Dr. David Cowan
Is Trump the candidate changing the nature of American politics? If elected, will Trump the President change the way the business of politics is done? Is he an outsider or part of the usual crowd of American high society? Your answer largely depends on what is your economic worldview.
There are many views of what Trump represents, and many of these are examples of wishful thinking. Conservative opponents wish there was a way to get a different candidate, while liberal opponents etch out story lines in an attempt to stoke the backlash in the hope he doesn’t get the top job. Most views are, in other words partisan, and Mr. Trump is seen a hugely divisive figure. I want to move out of the partisan zone and single out three views of his significance, and discuss how they relate to your economic view of the world.
Celebrity: It could be argued that Mr. Trump’s position is the natural outcome of the dumbing down of discourse in the public square, and highlights the extent to which America has a voting constituency addicted to reality TV and personality politics. His significance in this view is that he represents a change from serious politics to the rowdy and uncouth level of reality television. In this view he is a joke and a fool, and this is pretty much the view of many people and the media outside of America looking on. However, the same constituency misread Obama and greeted him as a savior.
This view is held by people globally who see America as crass capitalism, a casino mentality and a superficial celebrity-driven culture. Sorry to be so brutal, but there you have it, this is what some people think. Their economic worldview is that America uses capitalism to throw its weight around, and Trump represents the worse aspects of American capitalism – Hell, he is Mr. American Capitalism!
Dealer: On the other hand, one could see him as representative of the backlash against the DC way of doing things. His supporters believe he has the business and real life experience to bring a new way of doing things. He will bring a business discipline to the position. He is a unique outsider who has not come through the usual route to gain the candidacy, and will be a new kind of businessman-president who understands the needs of working America. For the outsider or neutral, this at least has the appeal of an interesting possibility, and it will be a question of seeing what the first 100 days looks like to see if proof starts to emerge, or if there is a collapse into celebrity.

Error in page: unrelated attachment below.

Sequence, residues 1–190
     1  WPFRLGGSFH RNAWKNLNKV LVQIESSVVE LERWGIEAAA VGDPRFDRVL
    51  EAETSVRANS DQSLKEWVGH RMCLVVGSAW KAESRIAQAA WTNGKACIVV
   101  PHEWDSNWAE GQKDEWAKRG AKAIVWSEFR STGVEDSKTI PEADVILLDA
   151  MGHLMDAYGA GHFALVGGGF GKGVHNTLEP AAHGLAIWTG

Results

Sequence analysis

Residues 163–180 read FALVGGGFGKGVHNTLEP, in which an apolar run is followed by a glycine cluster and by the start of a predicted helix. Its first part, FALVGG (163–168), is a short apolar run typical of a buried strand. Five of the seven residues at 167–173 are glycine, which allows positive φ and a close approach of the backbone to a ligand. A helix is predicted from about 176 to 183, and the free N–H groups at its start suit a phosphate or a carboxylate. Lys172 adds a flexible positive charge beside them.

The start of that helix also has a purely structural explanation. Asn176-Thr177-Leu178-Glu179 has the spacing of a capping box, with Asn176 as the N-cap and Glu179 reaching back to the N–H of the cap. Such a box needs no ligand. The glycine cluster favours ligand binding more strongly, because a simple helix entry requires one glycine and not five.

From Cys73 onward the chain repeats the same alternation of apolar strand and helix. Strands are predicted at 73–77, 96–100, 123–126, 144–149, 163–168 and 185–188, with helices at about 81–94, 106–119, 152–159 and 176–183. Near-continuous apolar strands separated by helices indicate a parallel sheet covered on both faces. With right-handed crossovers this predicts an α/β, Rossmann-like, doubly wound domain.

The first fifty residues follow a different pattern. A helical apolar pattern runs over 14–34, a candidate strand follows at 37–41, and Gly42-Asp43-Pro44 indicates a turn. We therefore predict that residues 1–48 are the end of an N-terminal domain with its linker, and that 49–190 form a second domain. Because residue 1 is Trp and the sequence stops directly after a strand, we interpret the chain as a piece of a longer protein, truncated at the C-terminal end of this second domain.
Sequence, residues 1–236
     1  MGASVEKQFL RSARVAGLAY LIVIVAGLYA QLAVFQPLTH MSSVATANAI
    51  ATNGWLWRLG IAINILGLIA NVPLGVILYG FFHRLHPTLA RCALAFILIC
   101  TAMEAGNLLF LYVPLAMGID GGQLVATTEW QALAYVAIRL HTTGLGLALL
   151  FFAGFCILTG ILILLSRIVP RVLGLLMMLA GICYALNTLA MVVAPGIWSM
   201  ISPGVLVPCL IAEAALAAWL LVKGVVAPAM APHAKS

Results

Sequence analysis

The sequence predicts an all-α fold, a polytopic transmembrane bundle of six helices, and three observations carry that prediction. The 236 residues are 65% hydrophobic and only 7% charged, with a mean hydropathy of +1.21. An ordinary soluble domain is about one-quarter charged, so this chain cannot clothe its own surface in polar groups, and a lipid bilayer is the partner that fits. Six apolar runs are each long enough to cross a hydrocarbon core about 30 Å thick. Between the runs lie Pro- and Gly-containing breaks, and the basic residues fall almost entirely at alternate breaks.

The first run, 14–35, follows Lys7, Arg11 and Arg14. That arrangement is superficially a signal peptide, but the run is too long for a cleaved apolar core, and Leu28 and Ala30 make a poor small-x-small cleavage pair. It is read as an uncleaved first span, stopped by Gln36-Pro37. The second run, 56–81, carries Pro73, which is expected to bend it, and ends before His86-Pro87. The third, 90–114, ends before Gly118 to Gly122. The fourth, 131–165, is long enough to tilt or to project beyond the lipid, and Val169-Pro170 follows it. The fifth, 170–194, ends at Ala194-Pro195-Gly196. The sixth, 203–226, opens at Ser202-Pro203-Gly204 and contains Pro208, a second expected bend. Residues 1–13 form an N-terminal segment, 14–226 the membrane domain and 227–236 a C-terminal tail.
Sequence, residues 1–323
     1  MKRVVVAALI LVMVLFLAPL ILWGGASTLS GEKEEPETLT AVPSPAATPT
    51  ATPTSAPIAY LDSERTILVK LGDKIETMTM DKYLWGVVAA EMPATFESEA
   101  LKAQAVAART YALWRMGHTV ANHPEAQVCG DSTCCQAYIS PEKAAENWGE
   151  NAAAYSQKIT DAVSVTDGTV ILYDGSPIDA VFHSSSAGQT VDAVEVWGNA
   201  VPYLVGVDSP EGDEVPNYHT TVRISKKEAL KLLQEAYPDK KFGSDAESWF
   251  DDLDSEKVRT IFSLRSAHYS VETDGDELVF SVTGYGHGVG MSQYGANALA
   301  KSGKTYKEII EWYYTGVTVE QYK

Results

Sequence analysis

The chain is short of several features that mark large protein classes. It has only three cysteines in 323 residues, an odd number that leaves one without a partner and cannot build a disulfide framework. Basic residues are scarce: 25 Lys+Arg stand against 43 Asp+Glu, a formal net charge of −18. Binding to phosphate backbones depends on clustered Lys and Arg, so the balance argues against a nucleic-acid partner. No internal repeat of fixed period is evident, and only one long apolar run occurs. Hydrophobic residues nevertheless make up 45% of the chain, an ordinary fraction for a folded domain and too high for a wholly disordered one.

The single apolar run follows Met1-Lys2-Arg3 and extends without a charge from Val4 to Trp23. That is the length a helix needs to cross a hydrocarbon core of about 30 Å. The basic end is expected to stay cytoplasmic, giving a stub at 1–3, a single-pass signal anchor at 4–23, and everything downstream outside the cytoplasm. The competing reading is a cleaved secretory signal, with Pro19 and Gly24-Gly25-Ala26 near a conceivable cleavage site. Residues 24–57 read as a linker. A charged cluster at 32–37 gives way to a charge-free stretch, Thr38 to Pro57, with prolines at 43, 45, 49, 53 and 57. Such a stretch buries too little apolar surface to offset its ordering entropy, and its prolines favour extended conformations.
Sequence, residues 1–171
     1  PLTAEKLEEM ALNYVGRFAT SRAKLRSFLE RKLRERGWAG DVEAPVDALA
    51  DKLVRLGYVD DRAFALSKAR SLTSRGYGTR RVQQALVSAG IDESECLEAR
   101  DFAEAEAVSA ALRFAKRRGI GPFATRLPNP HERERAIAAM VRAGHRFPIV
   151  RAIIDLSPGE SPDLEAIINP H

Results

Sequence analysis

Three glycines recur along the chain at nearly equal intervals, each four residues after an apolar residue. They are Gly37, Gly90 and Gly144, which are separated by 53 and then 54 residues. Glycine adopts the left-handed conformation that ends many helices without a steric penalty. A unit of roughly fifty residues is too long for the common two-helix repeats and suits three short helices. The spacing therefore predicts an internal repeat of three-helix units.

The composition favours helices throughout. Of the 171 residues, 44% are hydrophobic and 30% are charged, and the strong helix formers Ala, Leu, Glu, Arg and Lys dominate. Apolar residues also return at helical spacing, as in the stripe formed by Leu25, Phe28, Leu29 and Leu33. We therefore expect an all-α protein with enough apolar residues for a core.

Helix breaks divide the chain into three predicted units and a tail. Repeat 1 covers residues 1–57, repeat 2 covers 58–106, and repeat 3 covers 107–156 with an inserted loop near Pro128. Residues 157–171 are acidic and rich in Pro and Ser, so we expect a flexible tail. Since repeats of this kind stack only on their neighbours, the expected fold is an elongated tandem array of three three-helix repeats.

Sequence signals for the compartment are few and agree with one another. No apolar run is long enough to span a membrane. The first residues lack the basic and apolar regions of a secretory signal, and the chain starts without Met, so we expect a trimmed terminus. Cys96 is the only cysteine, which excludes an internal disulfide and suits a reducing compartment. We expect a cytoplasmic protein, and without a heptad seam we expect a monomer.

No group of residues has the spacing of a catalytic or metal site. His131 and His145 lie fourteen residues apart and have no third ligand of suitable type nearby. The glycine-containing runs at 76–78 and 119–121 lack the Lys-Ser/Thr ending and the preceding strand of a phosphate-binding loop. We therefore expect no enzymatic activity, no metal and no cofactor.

This view is held by many people in America, not necessarily GOP supporters, who believe Washington DC is corrupt – the best Congress money can buy argument. They believe too much power resides in DC, way from the State level and favors big business over the entrepreneurial drive that made America great. They see Mr. Trump as one of them, someone who is big enough and successful enough to change the mentality and bring back the dream.
Pragmatist: The third view is a variation on the second, which is that Mr. Trump is not a real conservative, more of an opportunist. This is the most intriguing of the lot. This will mean that a President Trump will be a pragmatist, and will do deals with all interested parties to meet the objective. This is the norm in business, where negotiators have to deal with many interests and put any ideological views to one side. Trump is not an ideological conservative, he has been used to wining and dining with the great and the good whatever their political views. This should make him good at the deal, but it will also lead to many of his supporters ending up disappointed in the same way President Obama has disappointed many of his most expectant and arduous supporters.
This view is one held by people who are suspicious of power, whether it is government or business, and that it is power that is at the base of our economy. This view understands power is usually adrift from the ideology or arguments that get people elected, and becomes an end in itself. This is a view that politicians will do whatever it takes to survive. It differs from the second view specifically in that it discards any notion that politicians get themselves elected to make change. In this view, there is little difference between Mr. Trump and Mrs. Clinton, they are both sides of the same power coinage.
As I said at the outset, there are many views, but these I think are the more interesting ones to explore the various constituencies in the mix and provide for interesting discussion about Mr. Trump the candidate. Which of these views is closest to your own?
One thing is for certain, not many people are available for the position of being an “outsider” of any sort, either because they don’t want to be or do not have the support. This makes Mr. Trump the only option to test the notion of whether an outsider, especially one from the world of business, can succeed.
In Part 2 tomorrow, I will look at how Mr. Trump can communicate to succeed.